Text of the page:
Germany has called for the eurozone to go it alone if necessary and implement a financial tax despite opposition from the US and UK. EU finance ministers, meanwhile, called for European banks to be strengthened.
The EU remains divided over a financial transaction tax
Germany's finance minister supports pushing through a tax on financial transactions within the 17 member eurozone currency union in the face of opposition from nations such as the United Kingdom and the United States, two of the world's largest financial markets.
"We plan on setting up a financial transaction tax this fall, if need be only in the eurozone," German Finance Minister Wolfgang Schäuble told the newspaper Bild am Sonntag.
Supporters of the move, such as Germany and France, believe a financial transaction tax would check speculation and slow the growth of bubbles while raising money that could be used to bail out banks in crisis situations.
The European Union, however, remains divided over the measure with non-euro states such as Sweden and Britain expressing opposition. Opponents argue that such a tax would drive business to non-taxed foreign markets.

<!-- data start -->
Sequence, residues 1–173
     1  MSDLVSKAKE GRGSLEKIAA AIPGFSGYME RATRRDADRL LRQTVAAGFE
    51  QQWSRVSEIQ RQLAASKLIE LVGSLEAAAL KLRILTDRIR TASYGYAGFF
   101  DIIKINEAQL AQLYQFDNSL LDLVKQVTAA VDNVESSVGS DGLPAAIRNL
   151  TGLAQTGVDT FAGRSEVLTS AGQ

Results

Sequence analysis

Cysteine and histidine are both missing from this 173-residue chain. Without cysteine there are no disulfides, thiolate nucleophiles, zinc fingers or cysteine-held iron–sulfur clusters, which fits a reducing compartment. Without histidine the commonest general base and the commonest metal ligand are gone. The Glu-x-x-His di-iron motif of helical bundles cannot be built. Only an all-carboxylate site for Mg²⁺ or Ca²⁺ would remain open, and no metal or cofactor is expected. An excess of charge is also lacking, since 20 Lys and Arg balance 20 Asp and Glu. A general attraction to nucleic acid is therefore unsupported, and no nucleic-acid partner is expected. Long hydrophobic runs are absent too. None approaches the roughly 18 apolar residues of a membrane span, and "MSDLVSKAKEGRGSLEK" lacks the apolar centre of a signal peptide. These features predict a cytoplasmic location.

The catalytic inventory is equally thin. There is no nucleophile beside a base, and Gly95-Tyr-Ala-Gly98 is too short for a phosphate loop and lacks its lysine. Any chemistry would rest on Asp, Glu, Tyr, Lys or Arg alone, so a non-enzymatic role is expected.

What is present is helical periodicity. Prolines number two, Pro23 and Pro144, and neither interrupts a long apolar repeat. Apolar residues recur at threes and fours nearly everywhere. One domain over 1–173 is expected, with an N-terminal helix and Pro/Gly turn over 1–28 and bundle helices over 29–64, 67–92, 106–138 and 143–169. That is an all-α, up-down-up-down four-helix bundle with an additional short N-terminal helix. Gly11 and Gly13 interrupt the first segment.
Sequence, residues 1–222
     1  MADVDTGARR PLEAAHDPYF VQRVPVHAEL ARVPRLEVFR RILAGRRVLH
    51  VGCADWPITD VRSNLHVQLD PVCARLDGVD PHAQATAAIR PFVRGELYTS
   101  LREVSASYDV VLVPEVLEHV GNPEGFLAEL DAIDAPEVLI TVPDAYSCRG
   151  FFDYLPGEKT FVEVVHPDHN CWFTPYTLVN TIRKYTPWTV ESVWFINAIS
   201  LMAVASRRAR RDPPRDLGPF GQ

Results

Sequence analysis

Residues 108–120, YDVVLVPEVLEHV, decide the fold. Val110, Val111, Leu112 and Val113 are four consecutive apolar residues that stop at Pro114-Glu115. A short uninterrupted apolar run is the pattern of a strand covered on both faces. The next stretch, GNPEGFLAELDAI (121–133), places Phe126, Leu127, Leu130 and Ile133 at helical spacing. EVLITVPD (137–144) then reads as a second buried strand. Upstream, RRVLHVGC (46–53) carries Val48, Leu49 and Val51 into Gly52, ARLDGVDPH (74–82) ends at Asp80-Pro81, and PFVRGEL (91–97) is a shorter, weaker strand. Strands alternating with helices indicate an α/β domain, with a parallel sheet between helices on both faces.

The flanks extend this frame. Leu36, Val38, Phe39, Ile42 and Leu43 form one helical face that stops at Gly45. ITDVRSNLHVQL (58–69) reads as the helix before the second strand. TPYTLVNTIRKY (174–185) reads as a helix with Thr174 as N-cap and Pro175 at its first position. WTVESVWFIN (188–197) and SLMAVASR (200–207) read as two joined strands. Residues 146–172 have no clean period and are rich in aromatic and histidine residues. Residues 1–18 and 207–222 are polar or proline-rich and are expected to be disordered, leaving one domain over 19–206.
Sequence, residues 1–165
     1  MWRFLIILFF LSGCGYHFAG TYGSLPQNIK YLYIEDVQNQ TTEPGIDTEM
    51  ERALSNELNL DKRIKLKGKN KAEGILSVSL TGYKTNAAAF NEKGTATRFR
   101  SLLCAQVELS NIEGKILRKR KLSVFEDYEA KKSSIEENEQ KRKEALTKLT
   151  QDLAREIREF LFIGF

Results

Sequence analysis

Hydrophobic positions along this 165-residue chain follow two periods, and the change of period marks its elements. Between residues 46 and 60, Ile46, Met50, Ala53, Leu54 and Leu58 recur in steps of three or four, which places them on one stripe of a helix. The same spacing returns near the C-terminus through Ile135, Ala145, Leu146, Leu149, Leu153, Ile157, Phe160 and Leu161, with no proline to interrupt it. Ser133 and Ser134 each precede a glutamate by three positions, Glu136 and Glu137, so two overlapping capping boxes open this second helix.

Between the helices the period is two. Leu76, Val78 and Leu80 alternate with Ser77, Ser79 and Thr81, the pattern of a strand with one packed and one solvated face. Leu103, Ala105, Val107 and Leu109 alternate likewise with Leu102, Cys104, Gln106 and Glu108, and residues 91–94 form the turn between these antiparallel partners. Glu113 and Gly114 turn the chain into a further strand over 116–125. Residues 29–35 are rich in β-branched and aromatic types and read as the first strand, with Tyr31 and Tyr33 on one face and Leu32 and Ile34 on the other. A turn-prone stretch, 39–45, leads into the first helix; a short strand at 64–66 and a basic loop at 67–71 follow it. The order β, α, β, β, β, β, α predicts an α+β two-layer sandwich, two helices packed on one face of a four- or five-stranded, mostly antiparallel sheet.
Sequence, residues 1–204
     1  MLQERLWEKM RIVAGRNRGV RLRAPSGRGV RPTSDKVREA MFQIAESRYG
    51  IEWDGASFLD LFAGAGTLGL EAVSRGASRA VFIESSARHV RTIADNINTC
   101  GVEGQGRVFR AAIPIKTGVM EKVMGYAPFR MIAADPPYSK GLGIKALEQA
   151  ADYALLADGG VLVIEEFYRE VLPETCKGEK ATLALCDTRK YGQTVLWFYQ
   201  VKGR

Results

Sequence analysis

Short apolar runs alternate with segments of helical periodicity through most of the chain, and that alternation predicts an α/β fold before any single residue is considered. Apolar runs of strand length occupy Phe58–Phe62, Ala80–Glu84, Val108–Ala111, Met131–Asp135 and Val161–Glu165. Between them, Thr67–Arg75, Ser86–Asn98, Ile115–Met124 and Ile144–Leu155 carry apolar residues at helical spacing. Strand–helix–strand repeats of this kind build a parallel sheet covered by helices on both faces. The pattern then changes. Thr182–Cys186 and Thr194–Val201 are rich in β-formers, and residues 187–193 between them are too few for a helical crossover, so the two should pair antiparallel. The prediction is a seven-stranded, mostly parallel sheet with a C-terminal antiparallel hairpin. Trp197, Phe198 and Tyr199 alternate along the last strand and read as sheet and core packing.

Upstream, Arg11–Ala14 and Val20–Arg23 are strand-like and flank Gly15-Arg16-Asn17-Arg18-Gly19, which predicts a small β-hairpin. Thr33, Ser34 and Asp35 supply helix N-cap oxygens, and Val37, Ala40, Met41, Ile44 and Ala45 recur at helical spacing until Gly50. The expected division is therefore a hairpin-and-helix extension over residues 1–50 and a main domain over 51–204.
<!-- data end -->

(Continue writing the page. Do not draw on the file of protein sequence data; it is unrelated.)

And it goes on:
Timothy Geithner reportedly opposes such a tax
"There is no consensus," said Polish Finance Minister Jacek Rostowski during a meeting of his EU counterparts in Wroclaw over the weekend. "No one expects this element to be a crucial one in our attempts to stabilize the euro."
Although US Treasury Secretary Timothy Geithner called on eurozone states to leverage more money to combat the sovereign debt crisis, he reportedly opposed Schäuble's call for a financial transaction tax.
Geithner, the first US treasury secretary to attend a meeting of EU finance ministers, sparked controversy on Friday when he criticized the EU's handling of the debt crisis and called for more decisive action.
EU finance ministers, meanwhile, agreed that Europe's banks needed to be strengthened in the face of the debt crisis. Ratings agency Moody's had downgraded two French banks, Credit Agricole and Societe Generale, on Wednesday due to their exposure to Greek debt.
In July, a stress test of European banks revealed a financing gap of 6 billion euro ($8 billion).
"From our perspective, we see a clear need for bank recapitalization," Swedish Finance Minister Anders Borg said. "I think the International Monetary Fund spelled that out very clearly. The EU banking system needs better backstops and that's basically a matter of capital."
Author: Spencer Kimball (dpa, Reuters)
Editor: Andreas Illmer